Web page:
The Commodity Futures Trading Commission hasn’t reduced risks to the financial system since the financial crisis despite a 123 percent budget increase, Alabama Rep. Robert Aderholt, chair of the House Appropriations Subcommittee overseeing CFTC spending, said Wednesday.

In opposing President Obama’s request to raise the commission’s budget 188 percent ($322 million) for the coming federal budget year, Aderholt took aim at the CFTC for wasteful office leases in much the same way the House Financial Services Committee chairman has directed much of his vitriol against another regulator, the Consumer Financial Protection Bureau, for allegedly spending too much on its headquarters.

Aderholt said at a subcommittee hearing the CFTC has needlessly spent $38 million on leases in the nearly five years since the enactment of the Dodd-Frank act.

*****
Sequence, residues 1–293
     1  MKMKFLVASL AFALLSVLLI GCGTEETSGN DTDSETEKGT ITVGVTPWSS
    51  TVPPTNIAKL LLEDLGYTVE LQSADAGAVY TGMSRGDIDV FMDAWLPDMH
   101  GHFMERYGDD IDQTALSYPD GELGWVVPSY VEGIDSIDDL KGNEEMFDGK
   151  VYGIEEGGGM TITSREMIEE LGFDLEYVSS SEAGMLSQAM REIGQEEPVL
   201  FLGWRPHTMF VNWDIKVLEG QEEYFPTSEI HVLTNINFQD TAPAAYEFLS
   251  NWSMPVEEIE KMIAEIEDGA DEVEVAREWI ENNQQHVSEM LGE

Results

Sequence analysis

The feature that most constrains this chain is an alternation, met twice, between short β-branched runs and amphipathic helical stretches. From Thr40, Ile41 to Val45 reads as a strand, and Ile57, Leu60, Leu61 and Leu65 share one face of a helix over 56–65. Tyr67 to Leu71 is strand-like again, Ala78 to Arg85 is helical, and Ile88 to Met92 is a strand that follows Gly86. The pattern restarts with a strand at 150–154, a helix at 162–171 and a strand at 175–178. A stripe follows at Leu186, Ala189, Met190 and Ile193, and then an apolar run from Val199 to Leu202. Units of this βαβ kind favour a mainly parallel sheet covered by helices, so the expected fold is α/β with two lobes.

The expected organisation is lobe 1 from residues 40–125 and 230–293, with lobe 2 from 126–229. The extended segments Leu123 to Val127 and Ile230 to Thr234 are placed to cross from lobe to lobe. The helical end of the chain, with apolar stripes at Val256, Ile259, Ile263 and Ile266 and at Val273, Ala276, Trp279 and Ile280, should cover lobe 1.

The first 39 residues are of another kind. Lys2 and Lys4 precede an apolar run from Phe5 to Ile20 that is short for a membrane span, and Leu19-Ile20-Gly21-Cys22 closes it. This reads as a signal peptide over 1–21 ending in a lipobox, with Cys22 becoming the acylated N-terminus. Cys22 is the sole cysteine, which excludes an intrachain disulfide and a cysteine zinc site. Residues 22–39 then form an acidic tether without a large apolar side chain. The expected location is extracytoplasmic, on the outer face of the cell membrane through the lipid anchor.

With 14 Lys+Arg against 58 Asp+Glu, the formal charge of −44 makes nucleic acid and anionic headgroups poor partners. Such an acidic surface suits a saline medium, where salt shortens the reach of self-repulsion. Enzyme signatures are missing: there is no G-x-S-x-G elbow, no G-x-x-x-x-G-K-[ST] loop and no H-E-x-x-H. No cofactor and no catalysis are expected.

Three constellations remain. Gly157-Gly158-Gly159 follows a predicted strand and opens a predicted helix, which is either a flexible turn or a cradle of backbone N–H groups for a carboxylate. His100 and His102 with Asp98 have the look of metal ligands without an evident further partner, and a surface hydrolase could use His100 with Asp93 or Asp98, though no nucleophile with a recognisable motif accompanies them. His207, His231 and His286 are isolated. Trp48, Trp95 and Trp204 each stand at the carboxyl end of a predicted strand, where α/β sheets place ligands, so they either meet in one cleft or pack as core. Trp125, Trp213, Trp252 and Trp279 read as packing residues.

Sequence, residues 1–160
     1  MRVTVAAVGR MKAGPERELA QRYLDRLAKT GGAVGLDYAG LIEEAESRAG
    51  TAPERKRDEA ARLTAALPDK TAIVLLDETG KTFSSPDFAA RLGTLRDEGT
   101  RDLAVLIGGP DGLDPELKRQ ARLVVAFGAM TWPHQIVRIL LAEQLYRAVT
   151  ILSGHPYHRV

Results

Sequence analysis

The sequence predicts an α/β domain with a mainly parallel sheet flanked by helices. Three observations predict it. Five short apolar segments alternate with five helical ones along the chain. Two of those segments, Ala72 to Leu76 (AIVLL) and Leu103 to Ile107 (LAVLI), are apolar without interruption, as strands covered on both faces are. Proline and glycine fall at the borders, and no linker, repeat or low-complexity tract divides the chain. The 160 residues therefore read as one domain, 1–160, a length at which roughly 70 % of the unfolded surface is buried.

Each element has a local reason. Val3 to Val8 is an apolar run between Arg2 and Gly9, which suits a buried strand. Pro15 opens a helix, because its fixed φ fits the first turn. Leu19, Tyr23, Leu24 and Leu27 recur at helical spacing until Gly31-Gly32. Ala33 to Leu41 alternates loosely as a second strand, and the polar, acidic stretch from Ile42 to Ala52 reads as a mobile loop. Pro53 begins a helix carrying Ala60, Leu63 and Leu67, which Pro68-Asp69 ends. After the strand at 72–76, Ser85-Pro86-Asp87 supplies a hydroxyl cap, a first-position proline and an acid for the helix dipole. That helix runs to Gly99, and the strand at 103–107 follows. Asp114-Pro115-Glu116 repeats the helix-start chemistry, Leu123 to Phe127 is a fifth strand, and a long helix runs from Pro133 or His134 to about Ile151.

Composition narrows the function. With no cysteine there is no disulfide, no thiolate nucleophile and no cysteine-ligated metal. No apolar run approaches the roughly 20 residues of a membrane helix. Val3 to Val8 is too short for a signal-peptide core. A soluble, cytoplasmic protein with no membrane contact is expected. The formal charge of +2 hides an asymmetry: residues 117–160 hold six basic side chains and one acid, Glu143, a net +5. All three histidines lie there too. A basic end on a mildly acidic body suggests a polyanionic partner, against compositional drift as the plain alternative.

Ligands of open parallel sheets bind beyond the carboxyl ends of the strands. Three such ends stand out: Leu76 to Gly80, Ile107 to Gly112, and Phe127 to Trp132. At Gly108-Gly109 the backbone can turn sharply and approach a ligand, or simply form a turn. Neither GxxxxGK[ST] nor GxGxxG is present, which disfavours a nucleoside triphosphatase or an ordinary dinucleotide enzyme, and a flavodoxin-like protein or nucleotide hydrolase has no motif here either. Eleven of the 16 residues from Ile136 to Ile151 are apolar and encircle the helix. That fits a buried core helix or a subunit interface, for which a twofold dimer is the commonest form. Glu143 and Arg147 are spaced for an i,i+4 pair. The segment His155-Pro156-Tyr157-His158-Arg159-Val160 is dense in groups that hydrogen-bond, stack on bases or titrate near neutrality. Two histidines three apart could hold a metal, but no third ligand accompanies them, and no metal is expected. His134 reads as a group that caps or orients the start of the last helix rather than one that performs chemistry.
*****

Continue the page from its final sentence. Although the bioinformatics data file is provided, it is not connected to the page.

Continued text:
The CFTC is receiving $250 million for the current federal budget year ending September 30.

In defense of the agency, the ranking Democrat on the subcommittee, California’s Sam Farr, pointed out the CFTC took in $1.8 billion last year, six times as much in penalties and fines as it spent.

During the session CFTC Chairman Tim Massad said the agency expects the rise of high-frequency trading to lead to more time-intensive and complex investigations.